patternsespecially appropriate and fitting for use with
patterned or predictable books (see below).
Use a variety of book types. Keep as many
books directly available to students as possible, at all times. Research
has indicated that the simple availability is a catalyst for
developing children's literacy (Gambrell, 1995; Gambrell & Morrow, 1996;
Krashen, 1996), but their true impact depends heavily on how parents and
teachers use them. Several types of books help support our efforts to help
children make the oral reading comprehension connection, and ease our
early forays into helping our children learn to read and understand what
they read. Several are outlined below.
These are large storybooks featuring both print and illustrations.
They make great tools for sharing stories and engaging a number
of children at one time in a reading experience. Try using "fingerpointing"
as a technique with these books. As you read the book along with
the students, fingerpoint at certain words and phrases. As you
do so, emphasize such text features as directionality (order of
words and left-to-right arrangement), similar sounds or word beginnings,
synonyms and antonyms (only, call them something like "opposites,"
etc.), rhyming texts (for introducing the notion of letter-sound
correspondence), and words that repeat often throughout the book
or text. Encourage students to hunt down repeated words and help
them to establish these as "sight words."
Patterned or predictable books
These books contain text that is repetitive or highly predictable.
For example, the book may contain a very logical (predictable)
next step on each page, such as in the book The Spooky Old
Tree by Jan and Stan Berenstain. On each successive page,
the bear cubs (the Berenstain Bears) make their way through a
new part of the tree in order. These books often present a question
that is repeated on each page, such as in the book Are You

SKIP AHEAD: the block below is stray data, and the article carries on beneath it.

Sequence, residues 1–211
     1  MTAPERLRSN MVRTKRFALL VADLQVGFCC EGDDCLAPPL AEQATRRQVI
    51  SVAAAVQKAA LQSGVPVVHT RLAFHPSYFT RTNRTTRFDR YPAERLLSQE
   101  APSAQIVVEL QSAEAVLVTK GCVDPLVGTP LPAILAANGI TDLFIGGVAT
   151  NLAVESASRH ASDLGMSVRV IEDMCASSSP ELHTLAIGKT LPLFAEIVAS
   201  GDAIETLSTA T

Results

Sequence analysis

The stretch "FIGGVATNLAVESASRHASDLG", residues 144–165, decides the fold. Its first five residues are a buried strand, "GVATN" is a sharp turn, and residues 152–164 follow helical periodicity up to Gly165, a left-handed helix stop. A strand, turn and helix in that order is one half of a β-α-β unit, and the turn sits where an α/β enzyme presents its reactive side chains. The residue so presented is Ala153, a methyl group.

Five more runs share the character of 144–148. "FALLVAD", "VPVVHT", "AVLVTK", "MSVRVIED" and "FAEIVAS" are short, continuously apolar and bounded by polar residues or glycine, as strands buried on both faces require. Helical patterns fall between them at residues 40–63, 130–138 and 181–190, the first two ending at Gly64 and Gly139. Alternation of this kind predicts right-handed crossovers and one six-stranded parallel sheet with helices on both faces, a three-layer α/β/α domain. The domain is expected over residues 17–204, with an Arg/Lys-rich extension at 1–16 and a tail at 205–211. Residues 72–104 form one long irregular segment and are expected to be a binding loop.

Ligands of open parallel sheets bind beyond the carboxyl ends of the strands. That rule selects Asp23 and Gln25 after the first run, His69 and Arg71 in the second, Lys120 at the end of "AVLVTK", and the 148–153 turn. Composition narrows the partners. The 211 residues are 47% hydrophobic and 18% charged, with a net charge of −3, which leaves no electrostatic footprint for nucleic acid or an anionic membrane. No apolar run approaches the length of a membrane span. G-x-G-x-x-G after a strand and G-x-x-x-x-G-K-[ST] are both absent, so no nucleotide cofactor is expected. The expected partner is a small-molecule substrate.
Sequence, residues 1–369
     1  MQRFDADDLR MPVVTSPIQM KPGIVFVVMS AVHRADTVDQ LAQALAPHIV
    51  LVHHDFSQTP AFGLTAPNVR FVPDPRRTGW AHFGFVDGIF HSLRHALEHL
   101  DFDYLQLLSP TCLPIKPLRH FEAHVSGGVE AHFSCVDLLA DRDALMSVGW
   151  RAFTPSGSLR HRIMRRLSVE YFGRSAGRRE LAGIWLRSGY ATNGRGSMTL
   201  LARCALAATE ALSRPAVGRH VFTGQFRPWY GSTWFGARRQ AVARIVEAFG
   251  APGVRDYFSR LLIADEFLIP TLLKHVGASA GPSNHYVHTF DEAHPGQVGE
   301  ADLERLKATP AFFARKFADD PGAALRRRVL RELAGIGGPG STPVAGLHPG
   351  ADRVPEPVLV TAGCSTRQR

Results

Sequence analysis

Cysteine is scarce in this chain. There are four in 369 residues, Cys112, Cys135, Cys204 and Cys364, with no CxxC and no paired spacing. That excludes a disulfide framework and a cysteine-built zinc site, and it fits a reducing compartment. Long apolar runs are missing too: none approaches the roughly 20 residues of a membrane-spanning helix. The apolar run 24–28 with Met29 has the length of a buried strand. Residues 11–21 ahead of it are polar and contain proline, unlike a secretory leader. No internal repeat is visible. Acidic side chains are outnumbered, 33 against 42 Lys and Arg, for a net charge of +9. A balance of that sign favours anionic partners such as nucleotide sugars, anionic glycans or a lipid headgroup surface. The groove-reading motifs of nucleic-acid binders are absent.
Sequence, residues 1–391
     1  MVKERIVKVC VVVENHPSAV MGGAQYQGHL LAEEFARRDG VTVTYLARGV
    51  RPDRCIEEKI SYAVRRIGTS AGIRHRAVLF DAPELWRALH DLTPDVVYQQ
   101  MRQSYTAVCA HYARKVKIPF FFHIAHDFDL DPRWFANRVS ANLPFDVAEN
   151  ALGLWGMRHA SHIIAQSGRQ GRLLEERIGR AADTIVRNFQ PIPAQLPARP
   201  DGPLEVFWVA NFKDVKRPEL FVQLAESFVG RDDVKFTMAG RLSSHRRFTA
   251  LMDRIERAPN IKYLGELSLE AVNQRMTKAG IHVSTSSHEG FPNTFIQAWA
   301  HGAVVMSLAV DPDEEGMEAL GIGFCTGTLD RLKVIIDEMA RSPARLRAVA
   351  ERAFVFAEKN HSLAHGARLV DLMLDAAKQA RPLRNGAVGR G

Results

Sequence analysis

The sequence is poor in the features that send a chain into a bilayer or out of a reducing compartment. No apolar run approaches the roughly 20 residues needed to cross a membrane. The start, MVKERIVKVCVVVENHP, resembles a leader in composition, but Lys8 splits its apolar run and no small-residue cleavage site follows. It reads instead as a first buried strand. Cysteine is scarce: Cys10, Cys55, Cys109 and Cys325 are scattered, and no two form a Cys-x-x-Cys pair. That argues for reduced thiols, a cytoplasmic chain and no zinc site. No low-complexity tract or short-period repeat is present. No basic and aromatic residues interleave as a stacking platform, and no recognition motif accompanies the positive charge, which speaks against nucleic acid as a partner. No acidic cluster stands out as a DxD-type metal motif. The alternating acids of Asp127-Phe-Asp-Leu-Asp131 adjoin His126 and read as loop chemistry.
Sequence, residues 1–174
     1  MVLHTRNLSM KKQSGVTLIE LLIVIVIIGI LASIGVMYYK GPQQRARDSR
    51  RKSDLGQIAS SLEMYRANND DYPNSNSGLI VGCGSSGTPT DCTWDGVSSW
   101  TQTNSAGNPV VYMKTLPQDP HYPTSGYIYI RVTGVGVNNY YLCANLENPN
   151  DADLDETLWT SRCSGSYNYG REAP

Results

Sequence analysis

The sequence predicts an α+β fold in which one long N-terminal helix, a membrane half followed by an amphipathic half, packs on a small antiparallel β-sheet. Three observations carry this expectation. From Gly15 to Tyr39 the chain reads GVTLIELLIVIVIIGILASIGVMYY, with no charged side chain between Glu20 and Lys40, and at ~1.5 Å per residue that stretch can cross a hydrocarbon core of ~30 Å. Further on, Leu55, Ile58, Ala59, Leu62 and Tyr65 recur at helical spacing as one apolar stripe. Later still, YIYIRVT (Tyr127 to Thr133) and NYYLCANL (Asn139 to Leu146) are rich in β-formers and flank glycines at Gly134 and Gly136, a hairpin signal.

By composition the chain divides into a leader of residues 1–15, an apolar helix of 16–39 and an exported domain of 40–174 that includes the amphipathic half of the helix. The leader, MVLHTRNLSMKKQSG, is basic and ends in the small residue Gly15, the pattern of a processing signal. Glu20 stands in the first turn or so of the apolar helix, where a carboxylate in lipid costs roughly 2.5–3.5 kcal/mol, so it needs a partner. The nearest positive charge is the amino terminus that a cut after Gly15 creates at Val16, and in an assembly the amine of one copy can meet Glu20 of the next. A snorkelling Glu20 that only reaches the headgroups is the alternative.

My Mother? by P.D. Eastman. In this book, a baby bird that
has fallen out of a tree goes in search of its mother, and on
each successive page the bird encounters a new animal, and asks
the animal if it is its mother. The repetitive questioning, and
the predictable answer ("no") helps children to grasp the most
basic structure of a story, and to look ahead and predict what
is coming next.
These books substitute familiar pictures for unfamiliar words
in order to simplify the reading process. They improve fluency
by easing the vocabulary requirements necessary for comprehension,
and also tap prior knowledge in a substantive way, using the known
to promote an understanding of the unknown. Often, rebus books
are designed to build sight word recognition of words that are
very frequent (e.g., "the," "of," etc.) and gradually more formidable
words as students become more comfortable with the written word.
active listening. Listening has been referred to as the "act of understanding
speech" (Harris & Hodges, 1995). Teaching students how to listen is a
nice accompaniment to any read-aloud scenario, and use of strategies to
promote students' abilities to listen has been shown to be particularly
effective for improving reading comprehension (Boodt, 1984; Sippola, 1988).
Though they work together well, and both are effective, listening for
meaning has actually produced better sentence recall than emphasis on
accurate oral reading per se (National Reading Panel [NRP], 2000). One
reason for this is that listening instruction focuses interest on the
material being read, and interest has been shown to be more of a factor
in sentence recall than readability. During instruction, work with students
to take turns describing what they have heard, comparing this with other
students, and answering questions about the text. Help pave the way by
presenting certain features or aspects of a story that you would like
students to listen for in advance of reading the story aloud.